Anyone born after 1980 has probably been told, at one point or another, that they will never be able to afford to buy a house.
Unlike our parents’ generation, us millennial folk are in a uniquely crappy property predicament whereby housing has never been more expensive.
And we’re not happy about it either with realestate.com.au finding that, despite the odds, 80% of young renters still want to buy a place one day. To do that, though, you’ll have to make some pretty hefty compromises…
In a well-intentioned (albeit desperately unappealing) bid, your folks might have already suggested moving back in with them to save for a deposit – something apparently only 40% of us are prepared to do.
Another alternative is simply giving up spending money on anything remotely fun, like Ubers, concert tickets, and food. Very tempting options, indeed.
In a way, it feels like the universe is kind of strong-arming us into accepting that we will just have to rent forever. That means retiring without having anything to show for a lifetime’s worth of rental repayments… and having to deal with landlords well into your 60s – yikes. But is renting forever really as bad as it seems?
Well, maybe not. It turns out there are a handful of surprisingly grouse benefits to renting indefinitely.
1. You’ve got sweet, sweet freedom, baby!
One of the plus sides to having no mortgage is that you are, in turn, granted a particular level of spontaneity. Whether you decide to book an extended vacay, embark on an impulsive year abroad, or even accept a job opportunity in another state, the ability to give just a month’s notice and get the heck outta your living situation is pretty damn good.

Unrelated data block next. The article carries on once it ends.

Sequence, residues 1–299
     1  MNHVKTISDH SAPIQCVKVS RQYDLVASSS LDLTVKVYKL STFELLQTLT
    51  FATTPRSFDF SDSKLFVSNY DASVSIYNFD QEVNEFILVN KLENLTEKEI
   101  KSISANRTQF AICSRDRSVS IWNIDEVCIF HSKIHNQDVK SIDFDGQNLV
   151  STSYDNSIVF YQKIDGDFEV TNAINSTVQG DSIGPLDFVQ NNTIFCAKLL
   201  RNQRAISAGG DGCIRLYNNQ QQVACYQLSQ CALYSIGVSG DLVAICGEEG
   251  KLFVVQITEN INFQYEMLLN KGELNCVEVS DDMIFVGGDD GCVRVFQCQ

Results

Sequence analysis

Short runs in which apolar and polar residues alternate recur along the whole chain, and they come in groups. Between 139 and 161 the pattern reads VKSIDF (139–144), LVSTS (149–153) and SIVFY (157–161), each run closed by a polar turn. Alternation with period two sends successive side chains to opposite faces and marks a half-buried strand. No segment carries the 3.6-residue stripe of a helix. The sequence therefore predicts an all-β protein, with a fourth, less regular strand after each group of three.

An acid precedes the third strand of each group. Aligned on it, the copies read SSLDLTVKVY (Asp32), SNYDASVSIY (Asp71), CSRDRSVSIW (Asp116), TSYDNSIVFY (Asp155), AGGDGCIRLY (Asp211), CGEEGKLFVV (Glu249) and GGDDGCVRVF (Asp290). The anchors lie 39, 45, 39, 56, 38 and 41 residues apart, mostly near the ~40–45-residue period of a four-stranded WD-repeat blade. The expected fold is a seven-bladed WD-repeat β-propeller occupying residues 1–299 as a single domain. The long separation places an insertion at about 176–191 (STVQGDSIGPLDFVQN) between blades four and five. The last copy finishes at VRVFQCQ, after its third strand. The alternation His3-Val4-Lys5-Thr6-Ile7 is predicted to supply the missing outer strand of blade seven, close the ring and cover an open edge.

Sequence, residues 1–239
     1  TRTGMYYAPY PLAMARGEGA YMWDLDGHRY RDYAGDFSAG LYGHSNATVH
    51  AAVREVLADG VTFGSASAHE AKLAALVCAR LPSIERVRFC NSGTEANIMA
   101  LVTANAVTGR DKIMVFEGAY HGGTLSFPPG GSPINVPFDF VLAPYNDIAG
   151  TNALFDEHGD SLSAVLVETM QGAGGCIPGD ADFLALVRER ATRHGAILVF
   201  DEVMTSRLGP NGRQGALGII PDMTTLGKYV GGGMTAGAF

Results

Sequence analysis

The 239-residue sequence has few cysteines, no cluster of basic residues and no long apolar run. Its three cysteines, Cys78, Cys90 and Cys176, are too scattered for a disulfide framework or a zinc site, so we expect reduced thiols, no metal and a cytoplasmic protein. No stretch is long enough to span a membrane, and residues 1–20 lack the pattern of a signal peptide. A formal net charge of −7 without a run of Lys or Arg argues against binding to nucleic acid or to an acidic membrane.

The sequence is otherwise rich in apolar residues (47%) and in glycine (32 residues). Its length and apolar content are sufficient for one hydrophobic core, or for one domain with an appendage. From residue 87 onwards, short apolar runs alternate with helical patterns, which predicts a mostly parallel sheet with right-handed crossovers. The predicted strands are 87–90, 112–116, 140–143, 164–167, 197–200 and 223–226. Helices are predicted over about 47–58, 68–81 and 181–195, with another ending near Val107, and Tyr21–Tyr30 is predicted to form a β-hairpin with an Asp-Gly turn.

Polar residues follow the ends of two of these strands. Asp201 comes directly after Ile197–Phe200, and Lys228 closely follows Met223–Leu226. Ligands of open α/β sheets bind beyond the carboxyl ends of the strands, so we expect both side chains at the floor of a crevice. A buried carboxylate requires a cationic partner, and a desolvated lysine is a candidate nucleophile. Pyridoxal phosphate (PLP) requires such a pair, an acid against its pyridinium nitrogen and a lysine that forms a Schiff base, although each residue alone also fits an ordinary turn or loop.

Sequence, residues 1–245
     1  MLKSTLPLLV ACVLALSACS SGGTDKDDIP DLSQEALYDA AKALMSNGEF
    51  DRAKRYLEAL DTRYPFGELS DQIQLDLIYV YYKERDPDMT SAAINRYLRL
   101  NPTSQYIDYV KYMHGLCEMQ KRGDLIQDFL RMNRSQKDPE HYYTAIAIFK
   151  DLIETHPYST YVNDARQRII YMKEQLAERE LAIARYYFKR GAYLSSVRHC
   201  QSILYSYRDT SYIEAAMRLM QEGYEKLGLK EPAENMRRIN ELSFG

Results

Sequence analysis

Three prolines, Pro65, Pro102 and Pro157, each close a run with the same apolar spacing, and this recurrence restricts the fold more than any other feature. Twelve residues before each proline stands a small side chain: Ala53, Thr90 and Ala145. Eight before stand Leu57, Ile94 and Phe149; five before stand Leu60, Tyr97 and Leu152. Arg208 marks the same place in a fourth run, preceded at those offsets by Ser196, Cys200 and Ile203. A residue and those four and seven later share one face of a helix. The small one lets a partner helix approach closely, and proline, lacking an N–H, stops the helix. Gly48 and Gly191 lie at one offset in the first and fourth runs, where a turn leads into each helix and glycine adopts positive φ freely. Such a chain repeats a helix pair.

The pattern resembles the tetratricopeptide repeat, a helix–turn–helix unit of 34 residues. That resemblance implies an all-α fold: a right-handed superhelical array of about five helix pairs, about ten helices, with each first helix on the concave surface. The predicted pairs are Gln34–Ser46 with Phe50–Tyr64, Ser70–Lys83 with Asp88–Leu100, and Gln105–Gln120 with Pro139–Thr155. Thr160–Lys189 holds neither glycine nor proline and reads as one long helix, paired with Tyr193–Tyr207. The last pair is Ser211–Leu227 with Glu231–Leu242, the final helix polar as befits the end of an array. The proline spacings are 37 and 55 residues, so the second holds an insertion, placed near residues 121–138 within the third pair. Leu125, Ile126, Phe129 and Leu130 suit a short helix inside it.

Granted, if you’re in a relationship or have kids, it’s not as simple as telling your landlord that you’re jetting off, but it’s definitely one less thing to worry about.
2. Debt free life is not to be sniffed at
No matter who you ask, living without debt is a universally good thing. Sure, eventually paying off a mortgage will feel like a monster achievement, but that’s because it is.
If you’ve ever experienced credit card debt, you already know how hard is it to repay a few grand. Try multiplying that sum by a few hundred thousand and you’ve got yourself one daunting undertaking.
The takeaway? Mortgages are massively overrated and avoiding them can be a pretty good move.
3. You are free to invest in whatever you want
Our parents have waxed lyrical about how ‘sensible’ it is to invest in property. It’s a long game, but it’ll always pay off, right? Answer: Yes and no.
Sure, property prices continue to rise (which is part of the reason we’re struggling to buy), but property can also be kind of volatile. Rather than put your life’s savings at the mercy of the housing market, if you rent, you can invest your surplus income in whatever you want.
For example, investing in shares offers you much more flexibility (thanks to liquidity) and the ability to hedge your bets by splitting your savings across multiple sectors. Renting is starting to sound smarter by the minute, huh?
4. You also avoid the sneaky taxes associated with buying and selling
Whenever you watch those home reno shows – where they take a total dump, add some paint, buy some brightly-coloured cushions and then sell the place for a pretty penny – the profit margins always seem to ignore a little something called ‘stamp duty’.
For those playing at home, stamp duty is a sizeable government tax on certain transactions (including property and vehicle sales). Every time you buy, you have to pay a fresh load of stamp duty – which gets old real quick. To put things into perspective, if you were buying a $400k home in NSW, you’d have to pay around $13.5k in stamp duty.
As soon as you start introducing investment properties into the mix, you also have to start thinking about Capital Gains Tax and, like that, there go any overseas trips you might’ve been planning.
In short, the good thing about renting is that you get to bypass the financially crippling shenanigans associated with buying a property.
Howzat for a silver lining?